- Induction is drawing a conclusion from a pattern that is guaranteed by the strictness of the structure to which it applies.
- Abduction is drawing a conclusion using a heuristic which is likely but not certain given some foreknowledge.
Critical thinking and rationality
Kerry S. Walters (Re-thinking Reason, 1994) argues that rationality demands more than just logical or traditional methods of problem solving and analysis or what he calls the "calculus of justification" but also considers "cognitive acts such as imagination, conceptual creativity, intuition and insight" (p. 63). These "functions" are focused on discovery, on more abstract processes instead of linear, rules-based approaches to problem solving. The linear and non-sequential mind must both be engaged in the rationalmind.
The ability to critically analyze an argument – to dissect structure and components, thesis and reasons – is important. But so is the ability to be flexible and consider non-traditional alternatives and perspectives. These complementary functions are what allow for critical thinking a practice encompassing imagination and intuition in cooperation with traditional modes of deductive inquiry.
The list of core critical thinking skills includes observation, interpretation, analysis, inference, evaluation, explanation, and metacognition. According to Reynolds (2011), an individual or group engaged in a strong way of critical thinking gives due consideration to establish for instance:
- Evidence through reality
- Context skills to isolate the problem from context
- Relevant criteria for making the judgment well
- Applicable methods or techniques for forming the judgment
- Applicable theoretical constructs for understanding the problem and the question at hand
In addition to possessing strong critical-thinking skills, one must be disposed to engage problems and decisions using those skills. Critical thinking employs not only logic but broad intellectual criteria such as clarity, credibility, accuracy, precision, relevance, depth, breadth, significance, and fairness.
Critical thinking calls for the ability to:
- Recognize problems, to find workable means for meeting those problems
- Understand the importance of prioritization and order of precedence in problem solving
- Gather and marshal pertinent (relevant) information
- Recognize unstated assumptions and values
- Comprehend and use language with accuracy, clarity, and discernment
- Interpret data, to appraise evidence and evaluate arguments
- Recognize the existence (or non-existence) of logical relationships between propositions
- Draw warranted conclusions and generalizations
- Put to test the conclusions and generalizations at which one arrives
- Reconstruct one's patterns of beliefs on the basis of wider experience
- Render accurate judgments about specific things and qualities in everyday life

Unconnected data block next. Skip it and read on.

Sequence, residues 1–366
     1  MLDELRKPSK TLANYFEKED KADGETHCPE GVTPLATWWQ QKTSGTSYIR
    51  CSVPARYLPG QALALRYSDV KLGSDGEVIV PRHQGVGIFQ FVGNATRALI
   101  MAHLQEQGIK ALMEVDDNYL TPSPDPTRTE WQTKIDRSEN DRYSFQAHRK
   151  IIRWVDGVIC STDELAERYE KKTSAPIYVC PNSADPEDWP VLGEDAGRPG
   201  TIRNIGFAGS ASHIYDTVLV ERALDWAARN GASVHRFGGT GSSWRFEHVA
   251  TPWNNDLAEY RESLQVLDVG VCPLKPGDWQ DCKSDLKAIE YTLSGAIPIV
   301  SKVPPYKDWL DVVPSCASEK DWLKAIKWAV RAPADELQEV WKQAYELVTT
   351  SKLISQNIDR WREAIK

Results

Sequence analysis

"A persistent effort to examine any belief or supposed form of knowledge in the light of the evidence that supports or refutes it and the further conclusions to which it tends."
Habits or traits of mind
The habits of mind that characterize a person strongly disposed toward critical thinking include a desire to follow reason and evidence wherever they may lead, a systematic approach to problem solving, inquisitiveness, even-handedness, and confidence in reasoning.
According to a definition analysis by Kompf & Bond (2001), critical thinking involves problem solving, decision making, metacognition, rationality, rational thinking, reasoning, knowledge, intelligence and also a moral component such as reflective thinking. Critical thinkers therefore need to have reached a level of maturity in their development, possess a certain attitude as well as a set of taught skills.
Edward M. Glaser proposed that the ability to think critically involves three elements:
- An attitude of being disposed to consider in a thoughtful way the problems and subjects that come within the range of one's experiences
- Knowledge of the methods of logical inquiry and reasoning
- Some skill in applying those methods.
Educational programs aimed at developing critical thinking in children and adult learners, individually or in group problem solving and decision making contexts, continue to address these same three central elements.
The Critical Thinking project at Human Science Lab, London, is involved in scientific study of all major educational system in prevalence today to assess how the systems are working to promote or impede critical thinking.
Contemporary cognitive psychology regards human reasoning as a complex process that is both reactive and reflective.
The relationship between critical thinking skills and critical thinking dispositions is an empirical question. Some people have both in abundance, some have skills but not the disposition to use them, some are disposed but lack strong skills, and some have neither. A measure of critical thinking dispositions is the California Measure of Mental Motivation and the California Critical Thinking Dispositions Inventory.
John Dewey is one of many educational leaders who recognized that a curriculum aimed at building thinking skills would benefit the individual learner, the community, and the entire democracy.
Critical thinking is significant in academics due to being significant in learning. Critical thinking is significant in the learning process of internalization, in the construction of basic ideas, principles, and theories inherent in content. And critical thinking is significant in the learning process of application, whereby those ideas, principles, and theories are implemented effectively as they become relevant in learners' lives.